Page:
It was such a pleasure to discover a constructed wetland in the heart of Calgary, Canada. I’ll be honest, I didn’t know it was even there until I finally walked to the far side of Prince’s Island Park the other day. I used to work beside the entrance to Prince’s Island Park so I am amazed that I never knew about the wetland. Obviously, if you are close to the river at all in Calgary, you will notice the large population of Canada Geese and various duck species but you would never guess that there is a wetland tucked into the park. The wetland was created to treat storm water before it enters the Bow River, but it also acts as a new habitat for lots of species and increases the biodiversity of the area.
This amazing work has been carried out by the Alberta Conservation Association. By artificially damming water and planting carefully selected plants like Wood’s Rose, Balsam Poplar and Slender Wheatgrass, they have developed a very impressive constructed wetland.
After the initial construction, it is up to nature to take over and that is definitely what has happened here. Whilst walking around the wetland area, you are surrounded by waterfowl, mostly Canada Goose, Mallard and the American Widgeon and the trees that line the pathway are filled with birds. I was treated to a sighting of my first North American Water Vole which was swimming between the banks of the wetland.
Wetlands are an extremely important and useful ecosystem that we need to preserve and learn more about. I love that the pathway takes you all around the wetland banks on Prince’s Island and is filled with information signage to help teach people more about the importance of the flora and fauna of this special habitat. Constructed wetlands are a concept that other large cities should be thinking about; they increase biodiversity, improve water quality and can act as a buffer zone against floods, storms and other extreme weather events, especially along coastlines.
Anyone who knows me, knows that I am not a morning person as I love my sleep far too much. However, this morning I got up and went for a walk just catching the sunrise, and it was glorious. I walked through the busy streets of downtown Calgary until I reached the Bow River and crossed the bridge over to Prince’s Island Park. As I reached the park, the hustle bustle of the crowds heading to work faded away and soon the only noise was from the nearby Magpies. Looking towards the trees, it only took a second to spot the Black Squirrels darting between the branches high above me. I just stood there staying as still as possible, watching as they ran between the branches, down the trunks and along the ground. They are such playful animals, so small and fast that they barely make a sound. In this part of the park, I was surrounded by complete silence. As I walked towards the river again, I found the waters filled with Canada Goose and it looked like they were having my lie in this morning. Most of the geese had their heads all tucked in, trying to keep warm. They didn’t make very much noise either, so my morning continued to be quiet and peaceful, giving me a clear headspace for starting the day.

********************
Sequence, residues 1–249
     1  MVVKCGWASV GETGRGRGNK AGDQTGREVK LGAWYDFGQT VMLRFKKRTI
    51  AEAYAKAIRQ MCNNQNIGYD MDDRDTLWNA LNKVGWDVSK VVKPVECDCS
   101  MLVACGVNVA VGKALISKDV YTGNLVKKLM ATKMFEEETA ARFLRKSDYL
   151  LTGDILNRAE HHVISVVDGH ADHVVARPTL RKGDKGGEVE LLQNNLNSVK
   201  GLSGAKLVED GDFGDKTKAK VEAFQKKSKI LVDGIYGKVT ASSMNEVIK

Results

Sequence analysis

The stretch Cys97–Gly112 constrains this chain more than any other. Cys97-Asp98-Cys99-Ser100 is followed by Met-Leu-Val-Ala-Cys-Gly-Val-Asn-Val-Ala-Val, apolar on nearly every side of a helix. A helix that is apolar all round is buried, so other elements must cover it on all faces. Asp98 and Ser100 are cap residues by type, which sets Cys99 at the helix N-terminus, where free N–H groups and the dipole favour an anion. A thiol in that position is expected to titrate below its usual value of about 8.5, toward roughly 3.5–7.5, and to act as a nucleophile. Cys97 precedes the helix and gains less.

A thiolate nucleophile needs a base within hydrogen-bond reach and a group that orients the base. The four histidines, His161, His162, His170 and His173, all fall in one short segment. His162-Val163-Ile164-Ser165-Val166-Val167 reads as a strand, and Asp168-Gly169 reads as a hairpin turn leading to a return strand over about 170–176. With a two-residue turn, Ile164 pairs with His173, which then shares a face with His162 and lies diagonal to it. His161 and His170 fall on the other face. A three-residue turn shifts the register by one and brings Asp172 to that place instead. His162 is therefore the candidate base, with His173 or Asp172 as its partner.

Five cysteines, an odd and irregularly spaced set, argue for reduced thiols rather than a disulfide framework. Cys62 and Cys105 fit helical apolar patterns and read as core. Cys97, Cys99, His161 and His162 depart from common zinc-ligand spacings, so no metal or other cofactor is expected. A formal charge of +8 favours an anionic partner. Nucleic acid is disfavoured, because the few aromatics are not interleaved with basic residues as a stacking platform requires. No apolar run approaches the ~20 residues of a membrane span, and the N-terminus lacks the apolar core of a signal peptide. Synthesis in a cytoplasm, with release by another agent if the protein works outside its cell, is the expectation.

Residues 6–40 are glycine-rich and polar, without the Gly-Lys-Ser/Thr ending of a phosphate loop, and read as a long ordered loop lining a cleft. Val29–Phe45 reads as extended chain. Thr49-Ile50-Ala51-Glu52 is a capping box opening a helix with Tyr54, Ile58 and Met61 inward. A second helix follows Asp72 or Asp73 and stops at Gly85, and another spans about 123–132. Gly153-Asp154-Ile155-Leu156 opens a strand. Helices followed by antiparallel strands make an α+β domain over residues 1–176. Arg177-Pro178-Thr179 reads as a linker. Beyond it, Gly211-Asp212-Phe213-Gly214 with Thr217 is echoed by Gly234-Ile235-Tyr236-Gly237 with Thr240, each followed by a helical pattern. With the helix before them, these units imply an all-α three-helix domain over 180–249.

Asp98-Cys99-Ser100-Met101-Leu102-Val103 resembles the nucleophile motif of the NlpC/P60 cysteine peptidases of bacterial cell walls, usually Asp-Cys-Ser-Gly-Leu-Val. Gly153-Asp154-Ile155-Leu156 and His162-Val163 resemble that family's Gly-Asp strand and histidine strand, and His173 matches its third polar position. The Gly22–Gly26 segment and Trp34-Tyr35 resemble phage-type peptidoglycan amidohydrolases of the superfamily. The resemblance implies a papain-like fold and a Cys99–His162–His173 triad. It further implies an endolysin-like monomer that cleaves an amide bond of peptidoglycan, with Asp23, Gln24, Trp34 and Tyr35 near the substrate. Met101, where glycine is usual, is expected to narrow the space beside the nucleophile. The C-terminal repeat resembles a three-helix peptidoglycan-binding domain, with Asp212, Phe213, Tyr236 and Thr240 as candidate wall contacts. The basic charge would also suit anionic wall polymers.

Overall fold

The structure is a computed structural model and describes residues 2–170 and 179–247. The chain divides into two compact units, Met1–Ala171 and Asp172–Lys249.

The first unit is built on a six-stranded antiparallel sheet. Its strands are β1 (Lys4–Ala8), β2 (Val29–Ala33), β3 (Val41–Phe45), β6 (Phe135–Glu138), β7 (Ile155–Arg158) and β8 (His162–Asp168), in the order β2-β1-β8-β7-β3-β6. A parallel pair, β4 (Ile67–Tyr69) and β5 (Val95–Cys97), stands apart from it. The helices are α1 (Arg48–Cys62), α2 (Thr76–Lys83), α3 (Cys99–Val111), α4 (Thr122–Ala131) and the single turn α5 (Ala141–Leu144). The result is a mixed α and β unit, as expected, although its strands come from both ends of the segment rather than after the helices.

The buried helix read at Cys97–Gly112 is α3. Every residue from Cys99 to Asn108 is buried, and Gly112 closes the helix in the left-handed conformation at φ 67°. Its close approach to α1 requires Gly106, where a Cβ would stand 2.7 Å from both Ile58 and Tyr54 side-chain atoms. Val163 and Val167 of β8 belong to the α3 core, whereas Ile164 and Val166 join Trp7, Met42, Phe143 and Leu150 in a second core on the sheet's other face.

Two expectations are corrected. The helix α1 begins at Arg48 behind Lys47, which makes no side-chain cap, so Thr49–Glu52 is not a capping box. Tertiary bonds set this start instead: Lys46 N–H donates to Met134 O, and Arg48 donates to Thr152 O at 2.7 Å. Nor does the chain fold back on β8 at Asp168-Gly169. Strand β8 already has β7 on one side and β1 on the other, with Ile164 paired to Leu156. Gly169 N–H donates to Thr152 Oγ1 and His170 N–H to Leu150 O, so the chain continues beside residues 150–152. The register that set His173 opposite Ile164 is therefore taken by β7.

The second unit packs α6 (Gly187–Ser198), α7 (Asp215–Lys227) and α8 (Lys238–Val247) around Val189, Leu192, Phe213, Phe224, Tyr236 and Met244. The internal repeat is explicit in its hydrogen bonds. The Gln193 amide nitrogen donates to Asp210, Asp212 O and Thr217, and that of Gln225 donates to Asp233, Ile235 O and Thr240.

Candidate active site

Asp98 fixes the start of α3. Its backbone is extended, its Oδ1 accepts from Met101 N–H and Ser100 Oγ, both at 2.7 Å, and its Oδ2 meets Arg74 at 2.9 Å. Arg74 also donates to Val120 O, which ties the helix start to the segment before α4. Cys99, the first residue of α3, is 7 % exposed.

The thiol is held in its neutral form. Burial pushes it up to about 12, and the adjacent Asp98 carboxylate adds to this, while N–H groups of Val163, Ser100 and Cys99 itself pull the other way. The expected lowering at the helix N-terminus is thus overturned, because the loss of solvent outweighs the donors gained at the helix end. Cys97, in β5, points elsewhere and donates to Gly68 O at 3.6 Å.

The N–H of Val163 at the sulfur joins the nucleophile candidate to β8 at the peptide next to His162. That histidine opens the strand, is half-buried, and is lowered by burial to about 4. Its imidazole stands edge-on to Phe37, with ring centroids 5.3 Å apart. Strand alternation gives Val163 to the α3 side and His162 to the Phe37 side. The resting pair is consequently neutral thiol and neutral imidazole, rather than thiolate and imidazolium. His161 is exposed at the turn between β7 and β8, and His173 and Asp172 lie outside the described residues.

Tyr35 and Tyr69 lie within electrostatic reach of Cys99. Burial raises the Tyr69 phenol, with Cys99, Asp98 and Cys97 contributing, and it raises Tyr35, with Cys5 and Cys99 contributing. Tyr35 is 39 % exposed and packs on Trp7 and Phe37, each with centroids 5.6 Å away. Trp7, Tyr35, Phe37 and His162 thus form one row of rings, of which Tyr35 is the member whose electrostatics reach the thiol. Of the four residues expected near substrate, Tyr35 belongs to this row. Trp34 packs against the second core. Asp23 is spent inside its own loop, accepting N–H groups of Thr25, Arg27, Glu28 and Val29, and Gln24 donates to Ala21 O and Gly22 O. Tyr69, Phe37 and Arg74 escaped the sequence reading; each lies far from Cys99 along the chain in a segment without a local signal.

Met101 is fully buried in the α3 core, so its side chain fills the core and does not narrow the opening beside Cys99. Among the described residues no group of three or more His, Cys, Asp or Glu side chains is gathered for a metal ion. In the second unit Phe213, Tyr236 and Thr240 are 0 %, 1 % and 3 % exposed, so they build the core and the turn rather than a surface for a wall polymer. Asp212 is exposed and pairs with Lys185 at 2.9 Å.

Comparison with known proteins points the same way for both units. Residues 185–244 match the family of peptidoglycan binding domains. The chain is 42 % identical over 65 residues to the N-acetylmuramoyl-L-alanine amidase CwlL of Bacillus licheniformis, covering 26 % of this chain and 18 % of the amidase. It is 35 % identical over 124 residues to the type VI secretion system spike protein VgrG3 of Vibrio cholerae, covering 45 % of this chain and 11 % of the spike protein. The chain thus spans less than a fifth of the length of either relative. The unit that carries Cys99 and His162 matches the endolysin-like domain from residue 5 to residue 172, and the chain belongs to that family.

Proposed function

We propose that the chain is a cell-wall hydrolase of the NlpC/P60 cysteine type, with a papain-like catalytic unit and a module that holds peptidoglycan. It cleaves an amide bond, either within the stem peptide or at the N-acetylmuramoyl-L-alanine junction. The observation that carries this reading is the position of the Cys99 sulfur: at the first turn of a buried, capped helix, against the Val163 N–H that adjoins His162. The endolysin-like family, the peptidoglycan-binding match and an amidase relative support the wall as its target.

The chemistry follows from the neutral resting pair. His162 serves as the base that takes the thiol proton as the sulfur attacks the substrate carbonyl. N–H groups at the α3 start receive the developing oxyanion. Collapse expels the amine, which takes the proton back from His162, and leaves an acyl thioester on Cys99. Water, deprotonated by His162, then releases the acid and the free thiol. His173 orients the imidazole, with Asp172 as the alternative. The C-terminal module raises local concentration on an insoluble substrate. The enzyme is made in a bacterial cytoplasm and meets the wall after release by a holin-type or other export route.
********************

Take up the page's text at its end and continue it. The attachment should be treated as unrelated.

As I left Prince’s Island Park and entered Eau Claire I spotted another squirrel darting around on the ground, but this time it was a Grey Squirrel. As I got my camera ready, the little fella stood up on his back legs and just stared at me. You would think he was nearly posing for my photo. Again, I was too scared to move in case I spooked him. And after about 20 seconds, we both went on about our day, with me walking back into Downtown Calgary and him running up a tree trunk.
It was so encouraging to find nature, wildlife and even silence in the middle of such a busy city. It doesn’t matter where you are in the world, whether it be urban or rural, nature makes it way through and can always be found. I’m sure it is pretty obvious by now, but I am very happy that I got up early this morning and I might even make it a regular occasion.